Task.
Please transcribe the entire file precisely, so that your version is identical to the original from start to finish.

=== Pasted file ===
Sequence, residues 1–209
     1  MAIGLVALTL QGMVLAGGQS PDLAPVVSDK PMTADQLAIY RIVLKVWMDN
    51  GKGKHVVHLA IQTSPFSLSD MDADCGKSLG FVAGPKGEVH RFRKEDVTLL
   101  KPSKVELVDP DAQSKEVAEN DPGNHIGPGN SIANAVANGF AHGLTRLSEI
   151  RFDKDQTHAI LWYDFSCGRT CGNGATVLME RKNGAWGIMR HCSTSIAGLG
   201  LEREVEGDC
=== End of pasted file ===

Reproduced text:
Sequence, residues 1–209
     1  MAIGLVALTL QGMVLAGGQS PDLAPVVSDK PMTADQLAIY RIVLKVWMDN
    51  GKGKHVVHLA IQTSPFSLSD MDADCGKSLG FVAGPKGEVH RFRKEDVTLL
   101  KPSKVELVDP DAQSKEVAEN DPGNHIGPGN SIANAVANGF AHGLTRLSEI
   151  RFDKDQTHAI LWYDFSCGRT CGNGATVLME RKNGAWGIMR HCSTSIAGLG
   201  LEREVEGDC